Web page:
Realtor being investigated over $20,000 commission fee on $243,000 condo
Ross McLaughlin and Sandra Hermiston , CTV Vancouver
Published Tuesday, August 15, 2017 6:00AM PDT
Last Updated Tuesday, August 15, 2017 7:00PM PDT
When you buy a home you normally wouldn't pay your real estate agent any commission or fees because it's usually the seller who pays. But a woman who bought a condo in Delta ended up paying a huge sum of money to her agent on the deal and now she wants it back.
Navjib Lalli says she thought she was adding $20,000 to the down payment for her $243,000 condo when she was actually signing over the money to her agent, Ismail Jinnah.
“I really trusted him a lot,” she said, “Because I was referred to him by a co-worker. I thought he was taking my best interests in me.”
The listing for her $243,000 condo offered the typical commission which would have been $4,673 to Jinnah. But he never accepted it.
Instead, she had signed a remuneration document giving him $20,000 in fees, money she thought was going towards a down payment on the property.
“I didn’t know that word, I didn’t know how to read that word. I have dyslexia,” she explained.
She also has a learning disorder, both of which were acknowledged by a doctor's note provided to CTV News.
"He was explaining everything verbally to me and I trusted him," Lalli said.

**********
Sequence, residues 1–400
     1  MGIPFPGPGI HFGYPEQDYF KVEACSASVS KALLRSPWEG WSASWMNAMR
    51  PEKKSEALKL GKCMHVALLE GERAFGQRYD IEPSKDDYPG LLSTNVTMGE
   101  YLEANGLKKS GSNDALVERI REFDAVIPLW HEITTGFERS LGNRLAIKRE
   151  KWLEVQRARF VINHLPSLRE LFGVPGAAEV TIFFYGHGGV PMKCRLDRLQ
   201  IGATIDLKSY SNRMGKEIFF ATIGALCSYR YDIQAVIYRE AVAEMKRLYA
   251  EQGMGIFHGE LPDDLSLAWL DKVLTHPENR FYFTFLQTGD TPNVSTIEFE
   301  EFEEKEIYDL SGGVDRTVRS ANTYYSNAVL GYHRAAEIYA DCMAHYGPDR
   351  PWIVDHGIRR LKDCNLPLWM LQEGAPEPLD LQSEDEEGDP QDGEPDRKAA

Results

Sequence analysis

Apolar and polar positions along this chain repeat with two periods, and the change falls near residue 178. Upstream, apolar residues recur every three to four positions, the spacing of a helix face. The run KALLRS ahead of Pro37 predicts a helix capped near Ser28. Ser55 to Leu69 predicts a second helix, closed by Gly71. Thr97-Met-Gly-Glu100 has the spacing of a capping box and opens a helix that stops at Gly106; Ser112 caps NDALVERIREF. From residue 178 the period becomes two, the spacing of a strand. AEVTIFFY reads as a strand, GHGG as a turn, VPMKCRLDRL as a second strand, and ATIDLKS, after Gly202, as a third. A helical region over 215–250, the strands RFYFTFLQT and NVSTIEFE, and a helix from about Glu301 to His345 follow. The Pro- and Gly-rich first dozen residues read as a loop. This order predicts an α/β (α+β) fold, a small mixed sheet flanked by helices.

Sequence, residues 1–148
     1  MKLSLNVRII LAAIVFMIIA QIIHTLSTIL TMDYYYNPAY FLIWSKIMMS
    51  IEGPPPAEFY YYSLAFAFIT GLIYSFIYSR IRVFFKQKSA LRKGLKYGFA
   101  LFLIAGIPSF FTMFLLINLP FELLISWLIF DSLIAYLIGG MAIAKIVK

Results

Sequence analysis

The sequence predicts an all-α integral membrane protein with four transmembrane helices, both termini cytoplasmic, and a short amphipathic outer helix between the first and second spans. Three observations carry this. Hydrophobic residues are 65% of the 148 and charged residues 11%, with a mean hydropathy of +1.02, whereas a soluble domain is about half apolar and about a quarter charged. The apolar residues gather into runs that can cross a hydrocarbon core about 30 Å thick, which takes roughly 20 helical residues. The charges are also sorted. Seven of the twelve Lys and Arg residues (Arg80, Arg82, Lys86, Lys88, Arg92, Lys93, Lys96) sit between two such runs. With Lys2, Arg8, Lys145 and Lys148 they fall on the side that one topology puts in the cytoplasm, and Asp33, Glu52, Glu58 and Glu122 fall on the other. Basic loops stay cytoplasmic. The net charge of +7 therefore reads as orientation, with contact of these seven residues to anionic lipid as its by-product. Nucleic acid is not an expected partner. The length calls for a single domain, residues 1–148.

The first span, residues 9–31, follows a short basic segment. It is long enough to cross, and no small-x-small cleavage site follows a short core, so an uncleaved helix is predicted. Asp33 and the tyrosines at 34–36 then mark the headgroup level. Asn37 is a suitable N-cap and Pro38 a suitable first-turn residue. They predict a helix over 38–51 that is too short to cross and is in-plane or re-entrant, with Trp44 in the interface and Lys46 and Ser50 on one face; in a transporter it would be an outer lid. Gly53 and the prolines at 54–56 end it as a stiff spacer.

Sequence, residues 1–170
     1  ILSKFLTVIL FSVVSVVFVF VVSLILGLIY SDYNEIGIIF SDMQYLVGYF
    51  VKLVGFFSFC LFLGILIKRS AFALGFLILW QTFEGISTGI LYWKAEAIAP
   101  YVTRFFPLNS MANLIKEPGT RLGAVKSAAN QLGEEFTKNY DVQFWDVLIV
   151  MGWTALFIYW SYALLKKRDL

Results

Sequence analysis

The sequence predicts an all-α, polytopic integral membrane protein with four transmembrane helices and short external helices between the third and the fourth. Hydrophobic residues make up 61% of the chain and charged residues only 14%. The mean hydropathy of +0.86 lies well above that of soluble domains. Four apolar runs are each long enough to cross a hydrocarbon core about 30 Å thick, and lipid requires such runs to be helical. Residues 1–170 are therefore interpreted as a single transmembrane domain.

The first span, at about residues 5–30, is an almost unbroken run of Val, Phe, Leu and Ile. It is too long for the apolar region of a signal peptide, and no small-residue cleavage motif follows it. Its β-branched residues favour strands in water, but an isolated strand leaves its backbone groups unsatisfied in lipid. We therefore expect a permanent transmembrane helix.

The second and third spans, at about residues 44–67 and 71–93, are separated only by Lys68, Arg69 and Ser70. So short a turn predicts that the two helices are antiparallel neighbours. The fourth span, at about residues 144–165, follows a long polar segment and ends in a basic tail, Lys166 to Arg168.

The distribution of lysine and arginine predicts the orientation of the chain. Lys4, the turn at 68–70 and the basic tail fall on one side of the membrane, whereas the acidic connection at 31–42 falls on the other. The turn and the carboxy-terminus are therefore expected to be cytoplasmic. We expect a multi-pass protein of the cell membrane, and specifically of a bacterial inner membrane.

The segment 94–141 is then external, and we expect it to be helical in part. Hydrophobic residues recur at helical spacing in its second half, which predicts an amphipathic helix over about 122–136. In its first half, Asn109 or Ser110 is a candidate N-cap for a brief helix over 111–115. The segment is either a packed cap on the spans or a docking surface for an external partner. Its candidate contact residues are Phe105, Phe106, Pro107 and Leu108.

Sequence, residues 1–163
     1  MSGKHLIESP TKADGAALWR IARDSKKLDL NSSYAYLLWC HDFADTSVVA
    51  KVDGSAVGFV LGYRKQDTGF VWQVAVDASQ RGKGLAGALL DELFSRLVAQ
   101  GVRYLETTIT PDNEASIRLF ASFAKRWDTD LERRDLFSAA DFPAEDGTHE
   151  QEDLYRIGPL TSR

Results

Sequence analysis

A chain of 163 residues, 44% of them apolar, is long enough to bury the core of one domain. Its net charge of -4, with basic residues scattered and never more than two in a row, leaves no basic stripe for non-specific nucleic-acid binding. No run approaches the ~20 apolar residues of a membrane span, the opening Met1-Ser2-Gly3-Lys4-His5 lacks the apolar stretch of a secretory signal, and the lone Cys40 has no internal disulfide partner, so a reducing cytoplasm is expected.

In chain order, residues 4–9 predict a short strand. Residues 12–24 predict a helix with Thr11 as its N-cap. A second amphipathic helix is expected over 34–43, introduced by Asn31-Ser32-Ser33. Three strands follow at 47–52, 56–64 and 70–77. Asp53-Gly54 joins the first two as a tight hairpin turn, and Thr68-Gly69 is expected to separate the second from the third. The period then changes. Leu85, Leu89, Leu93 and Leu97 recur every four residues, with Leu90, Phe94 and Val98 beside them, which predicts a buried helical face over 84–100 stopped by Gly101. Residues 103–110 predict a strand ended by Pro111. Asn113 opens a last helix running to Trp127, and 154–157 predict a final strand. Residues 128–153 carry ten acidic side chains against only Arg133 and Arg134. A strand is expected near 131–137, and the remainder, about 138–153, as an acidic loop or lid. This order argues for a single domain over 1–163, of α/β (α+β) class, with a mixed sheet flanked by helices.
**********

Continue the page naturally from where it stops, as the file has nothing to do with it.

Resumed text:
Jinnah also brokered her mortgage. While the remuneration paperwork is legal, it's highly unusual.
"It's ridiculous. I think it’s really high," said real estate agent Antonio Vargas.
The McLaughlin on Your Side team surveyed 10 real estate agents who reacted with words like ‘wow’ and ‘shock’ when we explained what had happened. Most said the only time they would use reumuneration documents for a someone buying a property would be in a private sale or when dealing with sellers who are only offering one per cent commission. All were appalled by the $20,000 charge.
When Ross McLaughlin went to talk to Ismail Jinnah about it he was coming out of his Surrey office.
"I want to talk to you," said McLaughlin.
"No I don't want to talk to you," replied Jinnah as he walked away down stairs.
Jinnah told McLaughlin to talk to his managing broker who is now investigating. The Fraser Valley Real Estate Board is also investigating the situation.
"Obviously we have a concern based on the story so far," said Dennis Wilson, professional standards, Fraser Valley Real Estate Board.
The board also wants to hear from Jinnah.
"[Realtors’] number one responsibility is to look after the interests of that client," explained Wilson.
After numerous attempts to get Ismail Jinnah's response, McLaughlin finally got him on the phone to ask about his fee.
“Understood you will have to talk to my attorney,” said Jinnah.
“Why?" asked McLaughlin.
"Because that's what advice he has given me," he replied.
"If [Jinnah] had explained it to me that I'm giving him $20,000, I would have refused. I wouldn't even have bought this property," said Lalli.
CTV News talked to Jinnah's lawyer. There won't be any official comment until official investigations have been completed. Right now questions are being asked but no one has determined that Jinnah did anything wrong. However, Lalli has asked for her money back.
Real estate fees and commissions are always negotiable. In this case, Lalli says Jinnah worked for her for about a month and showed her seven condos before she bought the one in question.
To put it in perspective, $20,000 would represent the typical commission he would have been paid by the seller for a $1.5 million property.